Here is the circuit being discussed:
To understand how this works, consider each phase of operation over a whole cycle.
Let's start with everything off and power newly applied. the transistor is off, so no collector current. However, there is a current path thru the resistor, the transformer secondary (the left coil), and the base of the transistor. This turns on the transistor, at least somewhat.
The transistor turning on brings the bottom side of the primary (the right coil of the transformer) to a lower voltage than the power. At this point, the primary acts mostly like a inductor, so current builds up linearly over time.
This change in current flowing out of the dot end of the primary causes the secondary to try to make current flowing into its dot end. This additional current thru the secondary also means more base current, since the two are in series. More base current means the transistor turns on harder, which causes more current thru the primary, which causes more base current, which turns the transistor on harder, etc.
Due to this positive feedback, the transistor is turned on so hard that its collector voltage can't go any lower, usually about 200 mV. That's called saturation. At this point, the transistor C-E looks like a closed switch, except for the small saturation voltage.
With the fixed voltage of the supply minus the saturation voltage applied to the primary, it's current ideally builds up linearly. However, it can't do that indefinitely. One of two things happen: The current levels off due to the inherent equivalent series resistance of the primary winding, or the the transformer core magnetically saturates. Either way, the secondary is no longer driven to create higher current. Since a transformer works on the change of the magnetic field, the secondary stops providing additional base drive at all.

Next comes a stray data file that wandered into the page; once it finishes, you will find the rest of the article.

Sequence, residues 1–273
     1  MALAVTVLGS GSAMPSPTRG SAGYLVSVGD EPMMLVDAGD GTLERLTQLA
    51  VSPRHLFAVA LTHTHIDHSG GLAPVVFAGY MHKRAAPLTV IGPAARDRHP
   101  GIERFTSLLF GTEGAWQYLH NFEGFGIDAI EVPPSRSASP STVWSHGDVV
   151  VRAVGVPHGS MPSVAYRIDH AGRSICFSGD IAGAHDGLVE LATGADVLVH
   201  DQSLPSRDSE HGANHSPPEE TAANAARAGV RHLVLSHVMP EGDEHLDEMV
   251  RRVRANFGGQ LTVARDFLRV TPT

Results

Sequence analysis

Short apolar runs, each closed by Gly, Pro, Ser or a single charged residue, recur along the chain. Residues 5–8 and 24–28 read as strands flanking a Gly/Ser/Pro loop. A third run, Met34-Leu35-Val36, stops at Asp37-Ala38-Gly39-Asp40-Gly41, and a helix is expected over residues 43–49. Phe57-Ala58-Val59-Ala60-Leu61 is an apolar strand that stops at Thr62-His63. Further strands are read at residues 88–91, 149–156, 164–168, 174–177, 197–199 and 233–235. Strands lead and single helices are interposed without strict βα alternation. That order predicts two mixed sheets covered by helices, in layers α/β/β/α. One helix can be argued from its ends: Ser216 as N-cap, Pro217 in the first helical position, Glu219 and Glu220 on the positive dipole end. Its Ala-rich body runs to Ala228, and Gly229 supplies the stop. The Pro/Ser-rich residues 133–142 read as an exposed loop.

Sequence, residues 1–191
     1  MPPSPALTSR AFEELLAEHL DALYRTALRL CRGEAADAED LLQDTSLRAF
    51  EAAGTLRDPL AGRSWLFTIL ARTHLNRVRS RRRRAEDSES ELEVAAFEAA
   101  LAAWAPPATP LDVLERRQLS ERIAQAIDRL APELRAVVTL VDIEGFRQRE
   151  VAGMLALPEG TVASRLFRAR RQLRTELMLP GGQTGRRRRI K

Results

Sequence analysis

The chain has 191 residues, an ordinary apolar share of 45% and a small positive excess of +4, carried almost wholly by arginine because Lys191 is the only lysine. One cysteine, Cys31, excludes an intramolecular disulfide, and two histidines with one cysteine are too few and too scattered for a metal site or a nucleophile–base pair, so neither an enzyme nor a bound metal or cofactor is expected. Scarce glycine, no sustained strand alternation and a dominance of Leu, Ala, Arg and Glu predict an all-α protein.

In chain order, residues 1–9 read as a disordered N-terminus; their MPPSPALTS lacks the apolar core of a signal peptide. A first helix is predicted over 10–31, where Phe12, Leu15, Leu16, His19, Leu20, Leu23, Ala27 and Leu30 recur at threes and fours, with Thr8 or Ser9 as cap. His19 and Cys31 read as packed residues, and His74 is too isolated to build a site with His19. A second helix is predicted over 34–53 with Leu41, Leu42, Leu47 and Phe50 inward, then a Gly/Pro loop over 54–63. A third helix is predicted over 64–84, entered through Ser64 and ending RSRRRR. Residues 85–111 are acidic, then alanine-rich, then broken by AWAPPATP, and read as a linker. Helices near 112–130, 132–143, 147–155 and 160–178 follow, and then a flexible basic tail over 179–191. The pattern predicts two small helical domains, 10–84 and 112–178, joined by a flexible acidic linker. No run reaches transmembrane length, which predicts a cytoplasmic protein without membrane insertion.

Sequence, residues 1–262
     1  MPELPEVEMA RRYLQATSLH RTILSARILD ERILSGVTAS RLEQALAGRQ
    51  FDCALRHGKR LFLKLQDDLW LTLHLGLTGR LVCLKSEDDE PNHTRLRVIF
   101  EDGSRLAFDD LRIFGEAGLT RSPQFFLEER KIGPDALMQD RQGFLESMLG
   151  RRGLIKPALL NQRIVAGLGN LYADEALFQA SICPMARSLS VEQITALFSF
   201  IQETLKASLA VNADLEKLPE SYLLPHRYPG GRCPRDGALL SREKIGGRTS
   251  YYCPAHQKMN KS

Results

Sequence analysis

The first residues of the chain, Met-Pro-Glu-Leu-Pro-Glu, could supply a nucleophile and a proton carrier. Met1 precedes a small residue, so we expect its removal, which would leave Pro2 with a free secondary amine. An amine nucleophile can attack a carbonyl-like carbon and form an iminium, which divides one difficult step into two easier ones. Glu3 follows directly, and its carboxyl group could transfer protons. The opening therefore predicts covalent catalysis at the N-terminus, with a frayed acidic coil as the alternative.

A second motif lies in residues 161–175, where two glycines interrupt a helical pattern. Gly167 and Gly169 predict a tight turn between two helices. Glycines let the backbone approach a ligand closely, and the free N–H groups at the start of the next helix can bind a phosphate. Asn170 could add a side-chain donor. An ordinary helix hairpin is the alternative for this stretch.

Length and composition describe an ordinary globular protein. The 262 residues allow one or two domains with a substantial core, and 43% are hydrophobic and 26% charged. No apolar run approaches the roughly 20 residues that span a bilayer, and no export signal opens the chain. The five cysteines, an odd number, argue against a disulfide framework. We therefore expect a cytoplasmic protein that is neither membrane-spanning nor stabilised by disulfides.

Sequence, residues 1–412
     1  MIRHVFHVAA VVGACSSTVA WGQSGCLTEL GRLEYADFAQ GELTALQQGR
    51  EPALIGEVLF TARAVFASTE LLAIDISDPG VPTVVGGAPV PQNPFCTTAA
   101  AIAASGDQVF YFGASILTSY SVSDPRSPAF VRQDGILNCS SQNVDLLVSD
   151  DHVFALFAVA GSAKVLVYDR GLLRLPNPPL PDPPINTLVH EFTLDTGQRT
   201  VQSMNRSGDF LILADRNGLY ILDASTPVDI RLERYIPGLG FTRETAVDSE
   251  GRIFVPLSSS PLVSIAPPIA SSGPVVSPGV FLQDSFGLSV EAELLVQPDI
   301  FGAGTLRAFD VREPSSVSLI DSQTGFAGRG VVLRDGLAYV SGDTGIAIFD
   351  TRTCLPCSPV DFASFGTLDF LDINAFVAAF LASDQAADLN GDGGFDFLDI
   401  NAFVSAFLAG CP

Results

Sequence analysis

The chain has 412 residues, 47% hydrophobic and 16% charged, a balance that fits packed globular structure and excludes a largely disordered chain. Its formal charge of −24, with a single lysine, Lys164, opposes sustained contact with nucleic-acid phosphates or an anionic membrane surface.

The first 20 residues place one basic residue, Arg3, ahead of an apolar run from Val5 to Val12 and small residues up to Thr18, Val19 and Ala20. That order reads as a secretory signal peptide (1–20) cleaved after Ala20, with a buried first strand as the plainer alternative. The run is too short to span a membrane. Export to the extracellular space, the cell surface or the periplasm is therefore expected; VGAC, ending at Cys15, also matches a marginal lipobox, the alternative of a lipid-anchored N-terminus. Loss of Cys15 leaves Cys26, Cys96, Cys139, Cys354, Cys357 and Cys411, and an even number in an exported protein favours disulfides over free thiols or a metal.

Now the positive feedback works to quickly turn off the transistor. At first when the magnetic field levels off, the secondary no longer provides additional base drive, and the base current is just what the resistor allows to pass. That is not enough to sustain the same collector current, so the transistor starts to turn off a bit. This now reduces the magnetic field. The secondary now actively opposes the base drive provided by the resistor. The transistor allows less current, which causes more active negative base drive, which causes even less collector current, etc.
Due to this positive feedback, the transistor turns off hard quickly. The primary now acts like a inductor. Its current can't be turned off instantly. The inductor makes whatever voltage it has to to maintain the same current instantaneously. The voltage rises quickly, and when it gets to the LED forward voltage, the current flows thru the LED and the voltage stays roughly fixed.
The inductor now has reverse voltage across it, so the current thru it is decreased. Eventually it gets to 0, the magnetic field stops changing, the secondary stops opposing the current thru the resistor, and we're back to about the state where power was first applied.